2020: A Year Like None Other, for Us and for Many

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As we head into the homestretch of this year of pandemic and political instability, it is high time to reflect a bit on work that we have been doing longer than we imagined, but also that has taken longer to achieve its various peace and security objectives than we might have hoped.

Due in part to the arrival of COVID-19, our plans and priorities have scattered to the wind like so many others: interns have returned home or huddled in their own safe spaces, meetings have taken a dramatic and often unsatisfying virtual turn, recalling for us that old Aretha Franklin song, “Whose Zoomin’ Who?” Social contacts have been sharply limited, needless deaths from infection have been swept under a rug of relative indifference, and disinformation about the pandemic has been folded into a widening worldview devoted principally to conspiracy and mistrust.  In response, we at Global Action have chosen a more provocative response, at least in the short term, as authoritarian movements in the US and elsewhere threaten both domestic democratic processes and the efficacy of the multilateral institutions with which we continue to engage. 

This has not been a good time for us individually and collectively, but COVID did not cause all of the chaos and deprivation for which it is now, conveniently we would maintain, being held responsible. The pandemic has of course served to roll back progress on some of our sustainable development obligations, including on gender equality, children’s access to education, and on food security which has been almost completely fractured in some parts of the world with almost unimaginable consequences.

But as we have seen for many years with our own eyes, the world had been suffering for some time as gross economic inequalities have expanded, ocean storms and other climate impacts have worsened, atrocity crimes have continued to be committed with impunity by both state and non-state actors, nuclear weapons continue to be modernized, and biodiversity loss continues headlong towards extinction levels with grave implications for both our already challenged agricultural sector and the integrity of the indigenous cultures who know how to protect eco-systems if we would only let them do so.

As some folks at the UN are fond of saying, COVID didn’t create our problems so much as it pulled the curtain on them, revealing us for what we have become, a people who are more gullible and self-preoccupied, less kind and attentive than we might have imagined ourselves to be. Certainly we are not all that our contemporary preoccupations with self-branding suggest we are.

Thus, it remains a core tenet of our work, one often dismissed by the policy community, that better institutions and policy commitments require us to be better people. Even within bureaucracies that shape our aspirations and emotions more than they are shaped by us, there are still corners where fertile minds and warm hearts can avoid the traps of ambition and isolation and help restore the trust of constituents who, if we would only absorb this truth and rise to the occasion, need our reassuring competence and compassion perhaps as much as ever.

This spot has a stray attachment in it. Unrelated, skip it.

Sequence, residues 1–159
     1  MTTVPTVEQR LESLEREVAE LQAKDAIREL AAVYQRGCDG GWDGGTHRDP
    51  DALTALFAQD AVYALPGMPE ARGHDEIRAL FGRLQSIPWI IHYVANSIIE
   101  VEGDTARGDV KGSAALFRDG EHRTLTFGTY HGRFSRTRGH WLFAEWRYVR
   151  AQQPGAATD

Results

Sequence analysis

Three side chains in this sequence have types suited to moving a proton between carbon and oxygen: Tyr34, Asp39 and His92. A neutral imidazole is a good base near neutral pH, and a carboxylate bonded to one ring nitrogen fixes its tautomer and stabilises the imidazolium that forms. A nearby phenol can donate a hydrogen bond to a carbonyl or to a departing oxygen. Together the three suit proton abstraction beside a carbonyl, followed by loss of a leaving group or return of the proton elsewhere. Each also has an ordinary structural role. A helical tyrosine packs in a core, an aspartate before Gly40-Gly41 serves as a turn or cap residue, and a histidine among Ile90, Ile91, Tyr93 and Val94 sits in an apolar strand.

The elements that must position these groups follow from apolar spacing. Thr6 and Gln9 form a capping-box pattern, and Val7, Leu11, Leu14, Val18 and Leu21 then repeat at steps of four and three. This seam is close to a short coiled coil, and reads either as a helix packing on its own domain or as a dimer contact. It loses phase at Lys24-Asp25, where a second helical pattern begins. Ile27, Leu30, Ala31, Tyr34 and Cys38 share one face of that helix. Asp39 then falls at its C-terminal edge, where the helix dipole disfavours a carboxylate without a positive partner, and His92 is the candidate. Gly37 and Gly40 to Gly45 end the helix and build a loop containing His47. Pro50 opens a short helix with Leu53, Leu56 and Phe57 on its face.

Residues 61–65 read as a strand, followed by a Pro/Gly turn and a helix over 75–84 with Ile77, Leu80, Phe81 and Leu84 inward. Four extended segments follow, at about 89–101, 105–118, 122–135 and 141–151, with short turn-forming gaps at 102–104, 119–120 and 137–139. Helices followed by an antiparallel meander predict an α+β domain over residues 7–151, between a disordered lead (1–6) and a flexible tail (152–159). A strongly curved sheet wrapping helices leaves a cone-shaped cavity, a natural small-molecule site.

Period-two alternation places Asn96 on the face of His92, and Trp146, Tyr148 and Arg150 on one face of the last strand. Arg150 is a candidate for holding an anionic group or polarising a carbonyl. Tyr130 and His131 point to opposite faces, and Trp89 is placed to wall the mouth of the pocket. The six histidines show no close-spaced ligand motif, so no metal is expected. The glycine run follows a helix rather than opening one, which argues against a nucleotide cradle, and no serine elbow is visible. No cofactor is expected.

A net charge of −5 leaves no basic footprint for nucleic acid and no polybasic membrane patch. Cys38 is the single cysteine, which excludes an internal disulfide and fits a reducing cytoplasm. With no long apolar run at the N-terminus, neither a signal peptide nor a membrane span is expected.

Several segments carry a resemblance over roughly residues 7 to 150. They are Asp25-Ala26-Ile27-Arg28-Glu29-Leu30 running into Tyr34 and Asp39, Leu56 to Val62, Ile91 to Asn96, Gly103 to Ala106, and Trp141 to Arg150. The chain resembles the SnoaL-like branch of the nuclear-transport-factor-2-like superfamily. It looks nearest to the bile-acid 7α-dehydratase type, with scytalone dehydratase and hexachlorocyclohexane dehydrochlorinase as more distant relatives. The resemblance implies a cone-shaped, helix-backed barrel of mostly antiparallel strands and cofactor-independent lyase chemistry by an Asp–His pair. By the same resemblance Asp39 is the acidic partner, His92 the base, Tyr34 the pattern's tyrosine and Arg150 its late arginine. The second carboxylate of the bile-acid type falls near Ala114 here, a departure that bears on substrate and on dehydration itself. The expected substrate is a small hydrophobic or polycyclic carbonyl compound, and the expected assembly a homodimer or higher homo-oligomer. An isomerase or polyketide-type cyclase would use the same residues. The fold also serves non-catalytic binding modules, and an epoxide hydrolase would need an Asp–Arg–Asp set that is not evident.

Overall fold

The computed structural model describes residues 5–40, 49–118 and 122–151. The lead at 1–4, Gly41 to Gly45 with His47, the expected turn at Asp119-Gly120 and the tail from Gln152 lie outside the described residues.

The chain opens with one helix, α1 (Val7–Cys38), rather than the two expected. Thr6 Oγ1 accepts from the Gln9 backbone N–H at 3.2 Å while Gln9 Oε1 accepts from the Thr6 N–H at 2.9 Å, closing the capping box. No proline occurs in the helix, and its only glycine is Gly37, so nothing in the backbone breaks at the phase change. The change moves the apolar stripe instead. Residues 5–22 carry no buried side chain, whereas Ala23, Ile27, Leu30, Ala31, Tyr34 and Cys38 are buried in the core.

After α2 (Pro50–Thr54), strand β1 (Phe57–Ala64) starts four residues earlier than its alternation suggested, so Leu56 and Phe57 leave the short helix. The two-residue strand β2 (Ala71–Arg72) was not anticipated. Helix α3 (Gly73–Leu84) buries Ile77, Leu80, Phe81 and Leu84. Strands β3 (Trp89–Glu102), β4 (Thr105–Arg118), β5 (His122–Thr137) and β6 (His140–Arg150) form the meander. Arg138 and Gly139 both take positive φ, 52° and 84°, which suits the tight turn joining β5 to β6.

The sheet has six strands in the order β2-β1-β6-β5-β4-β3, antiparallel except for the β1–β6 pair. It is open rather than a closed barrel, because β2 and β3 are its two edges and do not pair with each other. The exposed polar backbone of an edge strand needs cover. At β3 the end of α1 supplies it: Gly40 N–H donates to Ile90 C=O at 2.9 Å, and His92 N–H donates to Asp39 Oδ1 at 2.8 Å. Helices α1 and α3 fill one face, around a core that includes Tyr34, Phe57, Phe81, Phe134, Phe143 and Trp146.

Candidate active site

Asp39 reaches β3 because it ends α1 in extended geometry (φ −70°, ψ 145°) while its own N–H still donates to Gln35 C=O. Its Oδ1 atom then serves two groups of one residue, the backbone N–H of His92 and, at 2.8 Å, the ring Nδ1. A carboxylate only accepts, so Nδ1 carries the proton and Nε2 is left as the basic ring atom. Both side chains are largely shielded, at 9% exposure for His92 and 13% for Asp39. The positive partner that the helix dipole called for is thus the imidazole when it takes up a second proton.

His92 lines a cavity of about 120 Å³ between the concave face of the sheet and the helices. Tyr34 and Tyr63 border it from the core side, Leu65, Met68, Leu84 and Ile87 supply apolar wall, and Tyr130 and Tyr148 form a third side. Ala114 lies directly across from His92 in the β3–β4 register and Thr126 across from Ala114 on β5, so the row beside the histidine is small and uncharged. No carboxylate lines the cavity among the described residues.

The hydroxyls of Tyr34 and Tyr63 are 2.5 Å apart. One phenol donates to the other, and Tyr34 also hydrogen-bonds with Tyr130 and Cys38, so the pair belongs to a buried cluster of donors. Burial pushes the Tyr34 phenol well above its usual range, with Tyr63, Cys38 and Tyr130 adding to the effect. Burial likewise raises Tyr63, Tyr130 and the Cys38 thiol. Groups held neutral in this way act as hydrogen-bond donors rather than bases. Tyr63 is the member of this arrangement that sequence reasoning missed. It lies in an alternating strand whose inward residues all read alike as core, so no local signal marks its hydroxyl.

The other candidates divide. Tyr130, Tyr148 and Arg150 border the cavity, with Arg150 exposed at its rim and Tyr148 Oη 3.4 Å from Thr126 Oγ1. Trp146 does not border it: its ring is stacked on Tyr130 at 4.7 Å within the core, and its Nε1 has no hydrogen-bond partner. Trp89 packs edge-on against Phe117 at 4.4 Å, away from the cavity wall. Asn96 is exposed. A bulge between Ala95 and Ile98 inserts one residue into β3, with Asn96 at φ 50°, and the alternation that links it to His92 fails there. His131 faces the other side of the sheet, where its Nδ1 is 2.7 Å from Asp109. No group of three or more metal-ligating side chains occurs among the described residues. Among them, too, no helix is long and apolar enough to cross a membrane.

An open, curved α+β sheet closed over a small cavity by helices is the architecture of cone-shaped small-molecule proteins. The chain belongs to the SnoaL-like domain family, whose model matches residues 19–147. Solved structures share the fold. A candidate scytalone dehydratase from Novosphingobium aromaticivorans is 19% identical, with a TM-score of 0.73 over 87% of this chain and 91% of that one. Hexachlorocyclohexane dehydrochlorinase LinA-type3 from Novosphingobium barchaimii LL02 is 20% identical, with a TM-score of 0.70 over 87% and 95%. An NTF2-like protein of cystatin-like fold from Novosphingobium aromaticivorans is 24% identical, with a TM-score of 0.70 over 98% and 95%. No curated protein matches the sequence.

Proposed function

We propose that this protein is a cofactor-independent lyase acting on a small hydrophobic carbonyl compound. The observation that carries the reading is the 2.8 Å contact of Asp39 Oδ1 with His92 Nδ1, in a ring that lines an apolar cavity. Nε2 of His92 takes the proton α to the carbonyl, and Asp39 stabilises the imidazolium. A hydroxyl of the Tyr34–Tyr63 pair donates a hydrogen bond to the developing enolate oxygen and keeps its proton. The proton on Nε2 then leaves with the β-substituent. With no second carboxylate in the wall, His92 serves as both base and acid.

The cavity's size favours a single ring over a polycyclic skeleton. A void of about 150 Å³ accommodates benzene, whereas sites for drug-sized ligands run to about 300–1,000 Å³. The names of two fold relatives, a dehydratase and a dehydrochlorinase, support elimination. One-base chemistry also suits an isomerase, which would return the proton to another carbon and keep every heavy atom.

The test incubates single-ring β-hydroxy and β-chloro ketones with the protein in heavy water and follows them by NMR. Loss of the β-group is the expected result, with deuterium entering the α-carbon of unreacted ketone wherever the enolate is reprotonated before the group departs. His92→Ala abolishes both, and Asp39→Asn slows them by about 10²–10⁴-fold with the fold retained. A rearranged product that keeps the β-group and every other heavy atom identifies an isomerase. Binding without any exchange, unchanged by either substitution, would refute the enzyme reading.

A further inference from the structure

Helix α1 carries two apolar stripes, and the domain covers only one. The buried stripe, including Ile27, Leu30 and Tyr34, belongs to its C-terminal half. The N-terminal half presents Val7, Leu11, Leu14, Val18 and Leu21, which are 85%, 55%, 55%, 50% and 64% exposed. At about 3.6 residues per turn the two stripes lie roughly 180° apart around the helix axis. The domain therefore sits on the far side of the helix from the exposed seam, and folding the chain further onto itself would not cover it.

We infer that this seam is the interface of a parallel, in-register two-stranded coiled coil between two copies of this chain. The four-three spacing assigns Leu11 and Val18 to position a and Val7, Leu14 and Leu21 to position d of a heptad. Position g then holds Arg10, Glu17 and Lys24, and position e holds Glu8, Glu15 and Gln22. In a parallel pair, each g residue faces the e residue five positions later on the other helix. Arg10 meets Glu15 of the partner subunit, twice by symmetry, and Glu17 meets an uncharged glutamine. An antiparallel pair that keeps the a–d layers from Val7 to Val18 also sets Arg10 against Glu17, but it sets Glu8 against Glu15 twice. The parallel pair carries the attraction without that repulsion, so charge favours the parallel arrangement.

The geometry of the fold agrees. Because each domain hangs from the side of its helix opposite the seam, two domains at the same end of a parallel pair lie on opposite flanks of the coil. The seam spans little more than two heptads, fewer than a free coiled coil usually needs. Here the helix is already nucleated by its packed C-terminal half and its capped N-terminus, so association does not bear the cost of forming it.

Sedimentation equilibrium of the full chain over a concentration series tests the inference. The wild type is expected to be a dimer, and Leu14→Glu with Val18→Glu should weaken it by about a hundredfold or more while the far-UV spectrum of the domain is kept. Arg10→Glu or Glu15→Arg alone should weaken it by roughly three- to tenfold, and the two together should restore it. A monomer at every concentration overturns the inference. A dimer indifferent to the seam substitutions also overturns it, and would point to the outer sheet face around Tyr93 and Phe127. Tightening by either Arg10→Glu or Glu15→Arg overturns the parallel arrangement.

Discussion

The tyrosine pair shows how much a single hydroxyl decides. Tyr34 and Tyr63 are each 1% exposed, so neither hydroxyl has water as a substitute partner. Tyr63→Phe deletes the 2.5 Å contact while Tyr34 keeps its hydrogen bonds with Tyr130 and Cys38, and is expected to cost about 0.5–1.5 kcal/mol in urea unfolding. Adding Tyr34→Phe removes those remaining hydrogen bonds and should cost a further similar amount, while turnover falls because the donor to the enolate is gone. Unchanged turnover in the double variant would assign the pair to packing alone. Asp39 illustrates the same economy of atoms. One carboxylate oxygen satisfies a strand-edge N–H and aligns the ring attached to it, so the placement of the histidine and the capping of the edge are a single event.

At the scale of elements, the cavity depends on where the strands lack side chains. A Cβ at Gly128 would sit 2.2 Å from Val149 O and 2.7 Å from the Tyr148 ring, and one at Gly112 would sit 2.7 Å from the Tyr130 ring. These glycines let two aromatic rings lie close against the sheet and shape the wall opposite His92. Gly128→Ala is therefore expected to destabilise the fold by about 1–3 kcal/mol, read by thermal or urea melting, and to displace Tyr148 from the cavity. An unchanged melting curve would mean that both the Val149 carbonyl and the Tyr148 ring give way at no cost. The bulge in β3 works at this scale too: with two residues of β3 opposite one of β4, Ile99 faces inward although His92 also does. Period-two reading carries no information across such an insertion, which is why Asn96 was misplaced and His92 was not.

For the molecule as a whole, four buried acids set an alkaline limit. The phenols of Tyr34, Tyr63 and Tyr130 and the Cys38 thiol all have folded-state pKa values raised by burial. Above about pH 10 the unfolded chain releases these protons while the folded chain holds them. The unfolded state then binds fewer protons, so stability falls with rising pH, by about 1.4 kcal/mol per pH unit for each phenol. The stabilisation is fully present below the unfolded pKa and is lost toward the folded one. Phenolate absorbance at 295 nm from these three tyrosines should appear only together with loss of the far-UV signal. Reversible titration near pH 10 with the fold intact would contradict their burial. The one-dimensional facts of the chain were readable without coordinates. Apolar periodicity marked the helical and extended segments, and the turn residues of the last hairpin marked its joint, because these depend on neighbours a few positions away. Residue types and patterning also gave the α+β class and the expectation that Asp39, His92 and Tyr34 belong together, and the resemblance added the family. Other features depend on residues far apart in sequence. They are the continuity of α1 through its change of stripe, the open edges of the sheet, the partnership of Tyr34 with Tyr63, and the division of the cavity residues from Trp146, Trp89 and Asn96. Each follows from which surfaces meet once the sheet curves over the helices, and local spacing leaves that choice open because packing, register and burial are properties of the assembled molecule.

In my previous “home page” communication, I called attention to some of the uncertainties around Global Action’s future. We’ve been tilting at these multilateral windmills for over a generation and, with your loyal support, we have been able to clarify issues for diplomats and offer advice and counsel to civil society leaders in other global regions. We have also mentored many young people who have taken what they’ve learned here and done things with that learning we could never have accomplished ourselves. Despite the current pandemic challenges, we continue to search for alternatives to a complete shutdown, including possible fiscal sponsorship for Global Action and the draw-down of my own, often scattered leadership and its replacement by younger, fresher faces.

I’m not one to believe that non-profits, especially small ones, should continue to exist beyond their shelf life. But the place in this world that we have cultivated has become a kind of sacred trust, a trust that has been nourished over a generation by your gifts of wisdom and treasure, a trust that has helped launch many dozens of remarkable young people into an uncertain world that needs their skills and hopefulness more than it currently recognizes.   Whatever happens over the rest of this year, we will not stop our involvement in resolving a bevy of current threats regardless of how the forms and modalities of that service might change.

But change they will. I know that one or more of the many young people who have crossed our path over the years could do something special with the many assets of Global Action that are now a bit too dependent on me, but which could surely flourish in younger hands. Even more than responding to the many emergencies on our radar, more than helping new, hopeful initiatives find their footing, putting more responsibility in younger hands will be our primary task going forward.  We have assets to protect and expand, assets which you readers and supporters have done much to help develop and share, but there is also younger leadership to invest those assets in.   It is their turn now, and we want that turn to be as kind and effective as it can possibly be.   I have little doubt that you share this aspiration.